Ronnie Spector was the lead vocalist of the Ronettes, a female group from the 1960s known for such successes as”Baby, I Love You, “Be My Baby.” Ronnie Spector passed away on Wednesday. She was 78 years old at the time.
Her family released a statement saying she died after “a brief fight with cancer.” The statement revealed no more information.
The Ronettes, consisting of Ronnie, aka Veronica Bennett, her sibling Estelle, and her cousin Nedra Talley, changed the virginal paradigm that had characterized female pop artists since the 1940s with their high-piled hairdo, tight costumes, and sexual appearances.
“We weren’t afraid to be hot. That was our gimmick,” Ms. Spector wrote in her 1990 memoir, “Be My Baby: How I Survived Mascara, Miniskirts, and Madness, or, My Life as a Fabulous Ronette.” “When we saw the Shirelles walk onstage with their wide party dresses,” she wrote, “we went in the opposite direction and squeezed our bodies into the tightest skirts we could find. Then we’d get out onstage and hike them up to show our legs even more.”
In the 1960s, “Be My Baby” was a pop hit that seemed to reflect both naivety and toughness, and it gained enduring respect from other performers. Mean Streets” by Martin Scorsese, Moonlighting, and Dirty Dancing’s Title Sequence all used it. From Amy Winehouse to Chrissie Hynde of the Pretenders, the band’s image and sound became a model for women in rock music.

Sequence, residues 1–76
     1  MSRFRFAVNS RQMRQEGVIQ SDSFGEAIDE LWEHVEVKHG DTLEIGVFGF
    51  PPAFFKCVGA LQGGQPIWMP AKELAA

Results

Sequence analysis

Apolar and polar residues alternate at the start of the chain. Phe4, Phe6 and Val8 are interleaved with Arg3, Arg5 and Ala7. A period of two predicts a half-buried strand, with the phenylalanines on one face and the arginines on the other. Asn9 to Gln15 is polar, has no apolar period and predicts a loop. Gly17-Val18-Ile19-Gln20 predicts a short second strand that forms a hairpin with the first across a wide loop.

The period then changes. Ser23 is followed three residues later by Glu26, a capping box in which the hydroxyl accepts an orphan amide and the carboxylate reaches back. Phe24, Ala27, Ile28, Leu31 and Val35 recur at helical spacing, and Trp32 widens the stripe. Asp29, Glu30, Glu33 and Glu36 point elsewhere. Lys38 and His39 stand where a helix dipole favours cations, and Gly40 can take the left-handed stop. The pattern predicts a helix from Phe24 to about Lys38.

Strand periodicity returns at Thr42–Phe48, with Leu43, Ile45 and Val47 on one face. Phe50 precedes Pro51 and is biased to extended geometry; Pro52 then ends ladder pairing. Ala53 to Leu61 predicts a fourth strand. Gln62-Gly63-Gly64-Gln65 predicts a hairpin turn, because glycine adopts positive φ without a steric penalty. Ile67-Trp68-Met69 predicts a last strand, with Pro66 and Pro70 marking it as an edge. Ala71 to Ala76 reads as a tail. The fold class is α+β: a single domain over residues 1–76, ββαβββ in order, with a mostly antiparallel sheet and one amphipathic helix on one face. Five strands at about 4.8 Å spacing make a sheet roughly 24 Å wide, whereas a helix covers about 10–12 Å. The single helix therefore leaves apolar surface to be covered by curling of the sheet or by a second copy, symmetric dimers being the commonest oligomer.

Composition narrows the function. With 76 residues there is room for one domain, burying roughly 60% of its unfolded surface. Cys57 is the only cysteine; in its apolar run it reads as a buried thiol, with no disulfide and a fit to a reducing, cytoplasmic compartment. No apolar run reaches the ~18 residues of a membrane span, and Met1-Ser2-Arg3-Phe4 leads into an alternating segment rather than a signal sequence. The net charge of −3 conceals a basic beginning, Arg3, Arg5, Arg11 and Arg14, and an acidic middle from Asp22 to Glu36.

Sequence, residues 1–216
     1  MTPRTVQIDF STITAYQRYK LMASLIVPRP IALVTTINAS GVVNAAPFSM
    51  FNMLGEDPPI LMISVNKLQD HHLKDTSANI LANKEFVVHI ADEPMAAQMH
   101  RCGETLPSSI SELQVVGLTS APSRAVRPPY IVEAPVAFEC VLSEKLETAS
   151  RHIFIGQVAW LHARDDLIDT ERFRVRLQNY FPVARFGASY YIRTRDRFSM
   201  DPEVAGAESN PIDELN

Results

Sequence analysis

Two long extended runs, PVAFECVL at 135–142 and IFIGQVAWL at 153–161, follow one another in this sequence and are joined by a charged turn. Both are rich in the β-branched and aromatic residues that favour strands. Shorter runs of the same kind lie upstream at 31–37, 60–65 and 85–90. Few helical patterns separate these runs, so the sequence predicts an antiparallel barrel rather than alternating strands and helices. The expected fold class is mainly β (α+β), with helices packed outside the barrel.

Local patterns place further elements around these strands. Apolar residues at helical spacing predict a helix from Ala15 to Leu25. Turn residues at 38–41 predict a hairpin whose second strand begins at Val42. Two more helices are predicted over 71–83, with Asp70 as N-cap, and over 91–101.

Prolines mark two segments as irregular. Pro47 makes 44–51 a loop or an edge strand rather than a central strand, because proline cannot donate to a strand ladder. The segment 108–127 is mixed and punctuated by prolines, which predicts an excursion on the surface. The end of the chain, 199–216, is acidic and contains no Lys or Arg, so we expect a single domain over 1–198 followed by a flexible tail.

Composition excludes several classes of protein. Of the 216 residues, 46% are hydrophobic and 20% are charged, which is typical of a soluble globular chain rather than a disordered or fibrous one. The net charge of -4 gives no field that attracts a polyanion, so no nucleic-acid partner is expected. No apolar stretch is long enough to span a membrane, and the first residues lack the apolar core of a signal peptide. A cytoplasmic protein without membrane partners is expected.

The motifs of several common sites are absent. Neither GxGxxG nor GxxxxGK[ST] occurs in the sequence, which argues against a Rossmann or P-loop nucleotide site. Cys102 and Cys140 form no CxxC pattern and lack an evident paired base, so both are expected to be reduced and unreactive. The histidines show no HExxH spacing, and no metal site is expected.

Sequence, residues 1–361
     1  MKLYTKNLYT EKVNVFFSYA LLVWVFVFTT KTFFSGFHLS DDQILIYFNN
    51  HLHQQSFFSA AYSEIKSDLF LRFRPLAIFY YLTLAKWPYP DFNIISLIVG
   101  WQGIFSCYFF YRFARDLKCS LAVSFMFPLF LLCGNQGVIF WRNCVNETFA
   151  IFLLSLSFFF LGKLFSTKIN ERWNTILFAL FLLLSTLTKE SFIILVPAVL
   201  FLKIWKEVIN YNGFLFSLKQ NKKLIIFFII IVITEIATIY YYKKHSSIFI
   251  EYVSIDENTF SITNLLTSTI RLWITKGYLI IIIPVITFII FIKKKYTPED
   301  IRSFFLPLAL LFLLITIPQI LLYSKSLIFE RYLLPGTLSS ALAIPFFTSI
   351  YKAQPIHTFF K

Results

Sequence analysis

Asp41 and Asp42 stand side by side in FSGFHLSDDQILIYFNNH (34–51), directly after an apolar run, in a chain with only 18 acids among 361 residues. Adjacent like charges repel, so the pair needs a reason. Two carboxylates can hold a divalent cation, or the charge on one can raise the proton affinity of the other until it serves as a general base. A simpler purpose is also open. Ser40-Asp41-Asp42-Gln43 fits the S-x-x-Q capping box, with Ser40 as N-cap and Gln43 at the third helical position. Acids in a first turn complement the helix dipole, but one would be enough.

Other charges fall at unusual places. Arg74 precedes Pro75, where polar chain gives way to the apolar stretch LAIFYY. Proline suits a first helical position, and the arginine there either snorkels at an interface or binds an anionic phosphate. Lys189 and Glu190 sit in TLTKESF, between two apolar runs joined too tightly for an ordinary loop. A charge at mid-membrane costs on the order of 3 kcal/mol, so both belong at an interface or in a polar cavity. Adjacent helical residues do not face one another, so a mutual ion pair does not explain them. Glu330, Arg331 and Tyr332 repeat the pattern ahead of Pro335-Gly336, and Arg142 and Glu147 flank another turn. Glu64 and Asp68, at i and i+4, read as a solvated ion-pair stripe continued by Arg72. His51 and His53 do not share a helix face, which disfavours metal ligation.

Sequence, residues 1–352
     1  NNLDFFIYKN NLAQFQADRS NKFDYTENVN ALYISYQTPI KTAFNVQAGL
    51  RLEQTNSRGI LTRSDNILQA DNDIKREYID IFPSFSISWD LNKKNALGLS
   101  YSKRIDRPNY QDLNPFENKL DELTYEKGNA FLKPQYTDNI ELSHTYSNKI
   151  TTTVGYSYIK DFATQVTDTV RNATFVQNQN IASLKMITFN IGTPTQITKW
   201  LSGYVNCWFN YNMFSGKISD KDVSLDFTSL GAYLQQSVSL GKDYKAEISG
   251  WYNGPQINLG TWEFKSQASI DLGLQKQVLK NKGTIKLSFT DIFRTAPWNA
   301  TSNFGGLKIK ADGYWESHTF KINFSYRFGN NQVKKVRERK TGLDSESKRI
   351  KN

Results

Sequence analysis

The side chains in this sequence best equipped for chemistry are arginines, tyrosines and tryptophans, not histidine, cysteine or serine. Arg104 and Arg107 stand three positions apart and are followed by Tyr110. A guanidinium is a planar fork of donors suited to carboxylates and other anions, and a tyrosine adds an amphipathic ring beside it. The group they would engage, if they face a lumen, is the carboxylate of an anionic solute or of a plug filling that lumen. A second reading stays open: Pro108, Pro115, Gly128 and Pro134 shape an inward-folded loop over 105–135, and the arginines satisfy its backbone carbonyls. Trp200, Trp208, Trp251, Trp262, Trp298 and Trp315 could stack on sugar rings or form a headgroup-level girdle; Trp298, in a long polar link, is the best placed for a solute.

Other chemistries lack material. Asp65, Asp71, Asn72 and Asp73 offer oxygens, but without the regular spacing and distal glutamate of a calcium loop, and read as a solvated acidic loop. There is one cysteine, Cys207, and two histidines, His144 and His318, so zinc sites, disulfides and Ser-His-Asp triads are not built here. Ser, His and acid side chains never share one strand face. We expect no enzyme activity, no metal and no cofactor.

Rolling Stones guitarist Keith Richards remembered hearing the Ronettes warm-up backstage while the bands crossed bills on a 1960s tour. In 2007, Richards gave a statement honoring the Ronettes with the Rock and Roll Hall of Fame induction award. Singing “over a wall of sound” was not a problem for them.
She also described the physical and emotional torture she suffered as a result of her husband’s behavior. For whatever reason, the band didn’t credit their producer when they were voted into the Roll Hall of Fame.
81-year-old Phil Spector, who’d been condemned to jail in 2003 for the death of a woman in his house, passed away in January.
“I’d get drunk so I could go to rehab, just to get out of the house,” Ms. Spector told The New York Times in a 2000 interview.